Communication Through Crisis: How to Talk to Children About School Shootings

With two mass shootings in the news within days of each other, it is difficult to avoid the information about such violence. According to AP News, the devastation of the Uvalde, Texas, school attack killed 19 children and two teachers. Seventeen individuals were wounded before the gunman was taken down. This event is distressing, and it may be even more so for children. Just as adults do, children need the information to help them understand and cope with tragedy.

“This generation is more informed than ever before,” said Adam Coughran. Whether the knowledge comes from their friends or a news clip, this type of news permeates questions. These questions could fester into anxieties if the issues and news are skirted around. Parents and educators need to be prepared to answer these questions.

“First and foremost, be honest and open with children,” said Coughran. Manipulating or skirting the issue could cause the parent to get caught up in the future, especially with tragedies that remain in the news for days and weeks. Not being honest with children causes distrust. “Truthful answers are important to build trust,” reported NPR.

The School Crisis Center guidelines urge adults not to assume that the child’s worry is the same as their own. Depending on what the child has heard or understands changes the direction of the conversation. First, ask them to share what they know or heard. This will help you clarify the facts and separate rumors. Tune into misunderstandings or frightening falsehoods.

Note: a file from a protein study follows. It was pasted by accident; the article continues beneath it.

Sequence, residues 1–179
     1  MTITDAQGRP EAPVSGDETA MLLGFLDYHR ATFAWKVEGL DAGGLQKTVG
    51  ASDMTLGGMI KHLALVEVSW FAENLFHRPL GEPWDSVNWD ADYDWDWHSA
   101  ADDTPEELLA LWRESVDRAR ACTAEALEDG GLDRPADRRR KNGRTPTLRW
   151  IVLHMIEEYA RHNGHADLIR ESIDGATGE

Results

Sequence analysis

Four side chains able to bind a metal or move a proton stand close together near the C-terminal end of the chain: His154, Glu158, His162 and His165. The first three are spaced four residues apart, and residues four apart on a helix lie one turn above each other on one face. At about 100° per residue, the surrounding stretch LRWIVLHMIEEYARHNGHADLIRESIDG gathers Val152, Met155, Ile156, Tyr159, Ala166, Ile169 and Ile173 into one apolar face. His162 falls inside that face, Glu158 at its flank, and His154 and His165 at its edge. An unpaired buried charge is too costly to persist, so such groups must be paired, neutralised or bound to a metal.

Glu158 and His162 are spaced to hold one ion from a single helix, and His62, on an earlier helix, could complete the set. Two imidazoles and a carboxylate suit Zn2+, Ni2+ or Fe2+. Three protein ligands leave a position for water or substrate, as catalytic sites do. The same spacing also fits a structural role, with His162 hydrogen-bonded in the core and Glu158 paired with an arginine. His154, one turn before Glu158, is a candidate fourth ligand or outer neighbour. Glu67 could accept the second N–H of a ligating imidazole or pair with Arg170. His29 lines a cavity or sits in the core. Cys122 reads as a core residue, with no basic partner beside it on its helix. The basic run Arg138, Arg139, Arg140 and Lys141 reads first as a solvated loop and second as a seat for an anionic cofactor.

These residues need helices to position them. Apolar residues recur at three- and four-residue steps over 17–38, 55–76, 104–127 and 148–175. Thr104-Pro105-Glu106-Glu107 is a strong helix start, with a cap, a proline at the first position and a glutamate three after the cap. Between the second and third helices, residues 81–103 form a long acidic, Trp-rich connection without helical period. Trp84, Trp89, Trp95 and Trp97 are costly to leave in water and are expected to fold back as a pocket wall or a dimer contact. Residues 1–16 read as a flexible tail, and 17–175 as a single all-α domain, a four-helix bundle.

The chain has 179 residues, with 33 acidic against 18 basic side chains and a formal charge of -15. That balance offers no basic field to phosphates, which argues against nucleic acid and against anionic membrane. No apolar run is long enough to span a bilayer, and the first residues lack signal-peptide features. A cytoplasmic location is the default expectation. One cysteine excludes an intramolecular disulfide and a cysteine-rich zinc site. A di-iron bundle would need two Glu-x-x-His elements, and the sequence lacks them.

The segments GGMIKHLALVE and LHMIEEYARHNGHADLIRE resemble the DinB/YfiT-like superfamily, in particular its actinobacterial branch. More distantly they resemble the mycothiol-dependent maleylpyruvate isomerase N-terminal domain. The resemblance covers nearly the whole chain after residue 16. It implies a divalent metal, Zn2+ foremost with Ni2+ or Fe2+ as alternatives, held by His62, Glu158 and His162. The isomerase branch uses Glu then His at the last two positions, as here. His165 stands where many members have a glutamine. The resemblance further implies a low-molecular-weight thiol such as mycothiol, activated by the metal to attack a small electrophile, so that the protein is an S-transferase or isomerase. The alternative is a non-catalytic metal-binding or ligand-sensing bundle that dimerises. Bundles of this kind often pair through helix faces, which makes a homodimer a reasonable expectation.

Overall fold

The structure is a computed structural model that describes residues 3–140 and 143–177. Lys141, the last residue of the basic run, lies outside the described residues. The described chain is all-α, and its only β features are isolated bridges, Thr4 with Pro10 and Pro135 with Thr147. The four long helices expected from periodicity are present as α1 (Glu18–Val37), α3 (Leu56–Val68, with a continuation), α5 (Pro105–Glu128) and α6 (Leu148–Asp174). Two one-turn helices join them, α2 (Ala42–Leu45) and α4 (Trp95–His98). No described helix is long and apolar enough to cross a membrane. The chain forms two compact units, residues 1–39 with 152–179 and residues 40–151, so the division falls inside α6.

Listen to their fears, “understand what they might be fearful of,” said Coughran. Clarifying questions will help you see how or what they are processing. Their fear may lie in something completely different from the adults’ perception. Listening to their worries may lead the conversation to a simple answer that will calm their anxieties. David Schonfeld, a pediatrician who directs the National Center for School Crisis and Bereavement at Children’s Hospital Los Angeles, was recently interviewed by NPR. He said the best way to determine how much information children need is to listen to them.

Throughout the conversation, set a calm tone. Talk about things compassionately and lovingly, especially if you are still processing the travesty. There’s a balance between keeping calm and being honest. “Be realistic and human, especially with older children,” said Coughran.

One part of the conversation needs to include preparation of what to do if the children are in a dangerous situation. Coughran suggests explaining that there are “people who hurt and people who help.” People who hurt are anyone from strangers to bullies and villains from cartoon series. Helplessness will exacerbate feelings of anxiety. Children need to feel confident that there is help around. Assure them that there will always be trusted adults to confide in.

For more insight on talking through a crisis with children, use the American School Counselor Association’s tips “Helping Students after a School Shooting.”

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